How to Make Friends When You Are Older and Still Active
As people age, they encounter changes and transitions. Changes in career, family, and health are to be expected. Maintaining friendships and remaining social is another aspect that can start to look different later in life.
Before retirement, there might have been happy hours with colleagues after work, socialization at children’s soccer games, or neighborhood dinners. However, as we grow older and these sorts of interactions decrease, it can be difficult to stay social.
One of the many benefits of living in a health and retirement community is the opportunity to meet new people around your age who may share similar experiences, values, and interests. Staying social as you age has been proven to have many health benefits, including reduced risk of mental illness, physical illness, and even mortality.
Outlined below are some simple ways to try to make friends as you age:
1. Follow Your Passions
Motivation is key when trying to meet new people—if you enjoy doing something, participating in related activities and talking with others about it will become much easier. When following your passions, the possibilities are endless—you can join a dance class, volunteer with an organization, or join a book club, either in-person or virtually. When you participate in something you like and are surrounded by others who feel similarly, there is automatically an underlying camaraderie between you and the other participants!
2. Be Physically Ready
Ensuring you have the energy and confidence to explore different opportunities will help you engage in active social settings and create space to make new friends. Opportunities include joining a walking group, participating in fitness classes, or even feeling inspired to try something new! There are a variety of different ways to stay active while striving to build strength and confidence. From gentle yoga, cycling classes, weightlifting, and more, find an activity that you enjoy to help you become more physically ready to make friends while remaining active as you age.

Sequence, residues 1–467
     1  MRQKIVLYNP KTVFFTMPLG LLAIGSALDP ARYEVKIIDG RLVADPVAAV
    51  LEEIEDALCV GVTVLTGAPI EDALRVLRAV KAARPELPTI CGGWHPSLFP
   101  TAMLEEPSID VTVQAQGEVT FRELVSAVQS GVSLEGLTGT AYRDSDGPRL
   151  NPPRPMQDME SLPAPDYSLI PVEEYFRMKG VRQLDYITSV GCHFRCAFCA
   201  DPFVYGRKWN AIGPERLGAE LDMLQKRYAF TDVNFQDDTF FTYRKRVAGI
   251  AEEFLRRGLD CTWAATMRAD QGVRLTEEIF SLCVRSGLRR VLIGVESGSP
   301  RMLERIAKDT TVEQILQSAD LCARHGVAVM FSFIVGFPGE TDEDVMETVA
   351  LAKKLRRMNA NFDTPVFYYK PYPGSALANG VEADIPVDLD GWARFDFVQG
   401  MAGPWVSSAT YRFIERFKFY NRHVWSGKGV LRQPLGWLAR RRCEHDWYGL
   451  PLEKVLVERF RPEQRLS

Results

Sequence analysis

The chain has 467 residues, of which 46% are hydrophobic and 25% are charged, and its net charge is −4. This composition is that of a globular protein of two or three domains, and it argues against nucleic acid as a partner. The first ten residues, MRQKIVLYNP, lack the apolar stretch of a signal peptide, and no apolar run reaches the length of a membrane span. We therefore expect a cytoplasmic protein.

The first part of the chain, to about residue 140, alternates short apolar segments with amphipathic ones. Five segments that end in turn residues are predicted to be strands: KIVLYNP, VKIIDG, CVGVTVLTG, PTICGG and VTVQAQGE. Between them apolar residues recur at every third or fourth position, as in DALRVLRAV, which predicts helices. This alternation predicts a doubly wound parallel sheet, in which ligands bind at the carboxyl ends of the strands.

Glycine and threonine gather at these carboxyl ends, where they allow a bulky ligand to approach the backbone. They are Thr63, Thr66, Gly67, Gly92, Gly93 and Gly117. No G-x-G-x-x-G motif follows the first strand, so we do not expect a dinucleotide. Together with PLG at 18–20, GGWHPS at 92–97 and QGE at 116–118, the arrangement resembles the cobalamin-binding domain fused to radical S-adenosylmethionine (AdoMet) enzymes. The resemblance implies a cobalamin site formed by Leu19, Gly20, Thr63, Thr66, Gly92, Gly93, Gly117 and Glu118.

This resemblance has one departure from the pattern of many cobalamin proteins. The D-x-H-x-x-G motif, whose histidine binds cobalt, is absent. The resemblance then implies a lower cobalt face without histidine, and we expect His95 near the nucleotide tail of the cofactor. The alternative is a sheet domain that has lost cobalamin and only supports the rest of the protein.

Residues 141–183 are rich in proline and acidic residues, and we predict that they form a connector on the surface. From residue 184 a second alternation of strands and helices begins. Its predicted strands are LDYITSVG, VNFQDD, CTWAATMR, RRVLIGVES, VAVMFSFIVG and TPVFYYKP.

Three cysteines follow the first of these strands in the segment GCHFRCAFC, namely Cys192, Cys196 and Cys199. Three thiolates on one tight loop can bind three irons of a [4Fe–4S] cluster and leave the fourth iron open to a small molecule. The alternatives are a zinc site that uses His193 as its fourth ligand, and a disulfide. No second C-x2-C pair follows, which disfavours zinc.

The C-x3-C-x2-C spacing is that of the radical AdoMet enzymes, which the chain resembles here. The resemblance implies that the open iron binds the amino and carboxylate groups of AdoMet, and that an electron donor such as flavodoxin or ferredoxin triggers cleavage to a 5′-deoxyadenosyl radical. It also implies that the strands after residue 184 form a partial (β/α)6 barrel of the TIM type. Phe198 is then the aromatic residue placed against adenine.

3. Reconnect with Old Friends
Try reconnecting with people you had great friendships with in the past. Social media is an excellent place to try to find an old friend and spark conversation—platforms such as Facebook, Instagram, and LinkedIn each have messaging features. Do not feel bad for not staying in touch; most people face change as they age and will understand that life can be busy!
4. Actively Bring People into Your Life
Invite a small group of neighbors or friends from a class to your apartment or house for cocktails or a Trivia game! Although it may be a step outside your comfort zone at first, the effort will be worthwhile. Many people are waiting for an opportunity to meet others, so your invite could be important! It can also be simple—ask neighbors to go on a daily morning stroll around the neighborhood or even to join you at an event happening in your community or at your local library.
5. Stay Positive
Lead with a smile to make yourself more approachable! People are attracted to others who are positive and upbeat and can celebrate others’ accomplishments and milestones. Your positive energy will likely be reciprocated as you become closer with other people and will help encourage new friendships as you age.
6. Open Up
To develop close and lasting friendships, you’ll need to engage in personal conversations with others. Although it may take some time, allowing yourself to be vulnerable helps foster trust. In turn, others will be more open with you, creating a more lasting connection.
7. Make the Effort to Stay in Touch
When you make new friends, be sure to dedicate time and effort to keep the relationship moving forward. Spending quality time with someone is a clear indicator that the relationship is valued. Stay in touch in-person, or via phone calls or social media every few weeks! It can be intimidating at first, but taking initiative and finding meaningful relationships in life is very fulfilling.
To learn more about our independent and assisted living communities, please visit www.SalmonHealth.com.